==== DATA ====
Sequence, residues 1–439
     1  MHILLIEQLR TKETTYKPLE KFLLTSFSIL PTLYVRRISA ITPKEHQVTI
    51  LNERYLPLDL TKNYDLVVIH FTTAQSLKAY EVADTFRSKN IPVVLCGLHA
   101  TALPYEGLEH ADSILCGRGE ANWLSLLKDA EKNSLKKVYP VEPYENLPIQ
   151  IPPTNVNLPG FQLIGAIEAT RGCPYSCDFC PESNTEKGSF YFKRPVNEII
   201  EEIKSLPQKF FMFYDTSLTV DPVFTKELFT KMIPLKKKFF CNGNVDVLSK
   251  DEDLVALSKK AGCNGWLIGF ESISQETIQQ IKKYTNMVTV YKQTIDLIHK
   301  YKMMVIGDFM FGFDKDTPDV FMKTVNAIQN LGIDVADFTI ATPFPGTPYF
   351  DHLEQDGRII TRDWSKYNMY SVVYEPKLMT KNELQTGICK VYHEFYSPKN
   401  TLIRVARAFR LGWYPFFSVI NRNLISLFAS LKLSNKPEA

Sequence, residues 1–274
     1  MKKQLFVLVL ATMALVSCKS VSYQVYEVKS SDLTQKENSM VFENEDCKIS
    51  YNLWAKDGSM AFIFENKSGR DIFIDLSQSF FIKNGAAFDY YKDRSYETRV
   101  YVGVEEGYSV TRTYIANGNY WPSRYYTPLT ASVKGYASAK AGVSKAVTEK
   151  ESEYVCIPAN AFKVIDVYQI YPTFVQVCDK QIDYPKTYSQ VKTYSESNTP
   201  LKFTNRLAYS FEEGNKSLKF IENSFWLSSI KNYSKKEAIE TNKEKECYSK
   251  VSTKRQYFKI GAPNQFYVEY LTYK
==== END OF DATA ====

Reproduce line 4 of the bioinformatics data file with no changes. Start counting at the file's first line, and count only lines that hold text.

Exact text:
   101  TALPYEGLEH ADSILCGRGE ANWLSLLKDA EKNSLKKVYP VEPYENLPIQ